iv) Then there's when the director begins to shoot the script. Say that starts in 2017. Once again, there's no correlation between the timeframe of the plot, which is set in the 1870s, and the timeframe for making the series. 

(i) is analogous to world history. (ii) is analogous to the plot as it subsists in the timeless mind of God, while (iii) is analogous to God instantiating his idea in real space and real time. 

v) The Western will have a stage set of a frontier town. We've seen variations on the stock layout in countless movies and TV dramas, viz. saloon, jail, livery stable, bank, barber shop, general store, hotel, telegraph office, train station–along with Indians, horses, buggies, cattle, cowboys, covered wagons, ladies in bonnets.

This exists, not for functionality, but authenticity or verisimilitude. Everything needs to belong to the right historical period. Nothing can be later than the date of any particular episode. Likewise, you can't mix and match different times and places. If the series is set in the black hills of South Dakota, c. 1870, the director can't cut to scenes from the Middle Ages or shots of Tuscany.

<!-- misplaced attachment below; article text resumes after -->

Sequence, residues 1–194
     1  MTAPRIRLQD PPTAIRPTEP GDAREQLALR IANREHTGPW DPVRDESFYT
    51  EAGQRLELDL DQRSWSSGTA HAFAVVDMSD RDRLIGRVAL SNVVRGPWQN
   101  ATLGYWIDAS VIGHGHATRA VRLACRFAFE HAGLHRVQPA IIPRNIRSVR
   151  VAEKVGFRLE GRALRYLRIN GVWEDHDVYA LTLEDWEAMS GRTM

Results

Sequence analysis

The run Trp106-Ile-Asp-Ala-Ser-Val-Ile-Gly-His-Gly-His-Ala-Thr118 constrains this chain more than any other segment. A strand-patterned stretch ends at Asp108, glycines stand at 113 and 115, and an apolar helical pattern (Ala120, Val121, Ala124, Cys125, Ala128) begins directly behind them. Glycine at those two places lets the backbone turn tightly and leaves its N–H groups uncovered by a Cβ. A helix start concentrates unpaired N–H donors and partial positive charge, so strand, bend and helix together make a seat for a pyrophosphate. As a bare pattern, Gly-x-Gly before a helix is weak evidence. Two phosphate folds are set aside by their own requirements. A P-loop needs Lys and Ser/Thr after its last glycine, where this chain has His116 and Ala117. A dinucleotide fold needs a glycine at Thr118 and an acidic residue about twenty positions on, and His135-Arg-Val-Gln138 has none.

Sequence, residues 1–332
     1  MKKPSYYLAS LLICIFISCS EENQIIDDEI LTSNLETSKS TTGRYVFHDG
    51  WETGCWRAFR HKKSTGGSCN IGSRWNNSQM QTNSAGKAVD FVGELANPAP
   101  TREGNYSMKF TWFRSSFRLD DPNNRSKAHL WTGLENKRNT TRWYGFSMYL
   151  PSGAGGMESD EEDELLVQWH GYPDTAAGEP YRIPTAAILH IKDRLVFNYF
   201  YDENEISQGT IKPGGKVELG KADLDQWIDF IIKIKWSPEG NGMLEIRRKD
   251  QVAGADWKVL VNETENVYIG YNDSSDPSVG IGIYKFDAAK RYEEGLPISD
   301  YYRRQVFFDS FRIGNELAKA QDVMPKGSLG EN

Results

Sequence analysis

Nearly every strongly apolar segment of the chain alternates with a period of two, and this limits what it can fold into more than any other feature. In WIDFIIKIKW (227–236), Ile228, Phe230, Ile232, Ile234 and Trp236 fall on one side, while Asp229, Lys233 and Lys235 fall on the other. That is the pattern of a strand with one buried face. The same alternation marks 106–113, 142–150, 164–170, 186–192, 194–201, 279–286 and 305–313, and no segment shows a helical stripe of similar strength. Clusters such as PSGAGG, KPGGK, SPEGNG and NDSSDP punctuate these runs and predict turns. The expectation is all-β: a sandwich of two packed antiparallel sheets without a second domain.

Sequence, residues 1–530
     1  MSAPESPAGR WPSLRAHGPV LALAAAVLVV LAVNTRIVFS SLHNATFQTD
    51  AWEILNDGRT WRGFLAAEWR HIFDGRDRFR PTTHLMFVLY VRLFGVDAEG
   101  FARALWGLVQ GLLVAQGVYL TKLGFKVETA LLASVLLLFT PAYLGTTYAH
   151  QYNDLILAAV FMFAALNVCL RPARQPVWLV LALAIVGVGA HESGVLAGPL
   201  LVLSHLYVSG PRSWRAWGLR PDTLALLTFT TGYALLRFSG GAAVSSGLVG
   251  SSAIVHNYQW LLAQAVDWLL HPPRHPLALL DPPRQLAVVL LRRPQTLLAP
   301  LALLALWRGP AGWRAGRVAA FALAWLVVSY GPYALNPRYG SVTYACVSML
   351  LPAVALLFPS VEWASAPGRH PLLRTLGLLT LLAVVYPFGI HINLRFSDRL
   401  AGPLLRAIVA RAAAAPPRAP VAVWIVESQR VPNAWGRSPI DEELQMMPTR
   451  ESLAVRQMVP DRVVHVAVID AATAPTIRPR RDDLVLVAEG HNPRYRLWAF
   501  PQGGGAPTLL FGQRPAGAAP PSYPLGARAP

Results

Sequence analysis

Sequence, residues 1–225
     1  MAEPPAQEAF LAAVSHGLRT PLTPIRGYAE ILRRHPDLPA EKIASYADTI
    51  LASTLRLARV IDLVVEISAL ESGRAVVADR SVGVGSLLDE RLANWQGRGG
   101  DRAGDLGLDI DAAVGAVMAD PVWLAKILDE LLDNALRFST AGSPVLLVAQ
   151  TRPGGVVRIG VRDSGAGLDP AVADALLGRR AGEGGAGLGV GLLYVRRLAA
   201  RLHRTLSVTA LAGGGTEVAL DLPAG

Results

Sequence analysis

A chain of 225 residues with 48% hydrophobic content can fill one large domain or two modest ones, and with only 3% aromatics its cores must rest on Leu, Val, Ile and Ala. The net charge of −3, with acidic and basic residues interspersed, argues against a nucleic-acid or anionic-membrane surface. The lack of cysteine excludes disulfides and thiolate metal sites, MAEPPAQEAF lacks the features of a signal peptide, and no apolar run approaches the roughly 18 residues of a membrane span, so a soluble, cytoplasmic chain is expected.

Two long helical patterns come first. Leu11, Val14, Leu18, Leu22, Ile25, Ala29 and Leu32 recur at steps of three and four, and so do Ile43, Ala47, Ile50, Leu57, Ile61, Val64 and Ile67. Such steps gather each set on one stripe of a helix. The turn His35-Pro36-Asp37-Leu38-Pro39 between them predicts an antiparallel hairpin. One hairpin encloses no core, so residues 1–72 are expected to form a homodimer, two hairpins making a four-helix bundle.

vi) Suppose the pilot episode shows a character reading a newspaper. Suppose the camera shows the viewer what the character is reading. On the one hand, the paper can't have any stories later than January 1, 1870. On the other hand, the paper will have stories from December 31, 1869 or earlier. The paper will report local stories from a yesterday, and national stories from last week. 

Yet those are stories about a past that, in a sense, never happened in the timeframe of the drama. They predate the plot.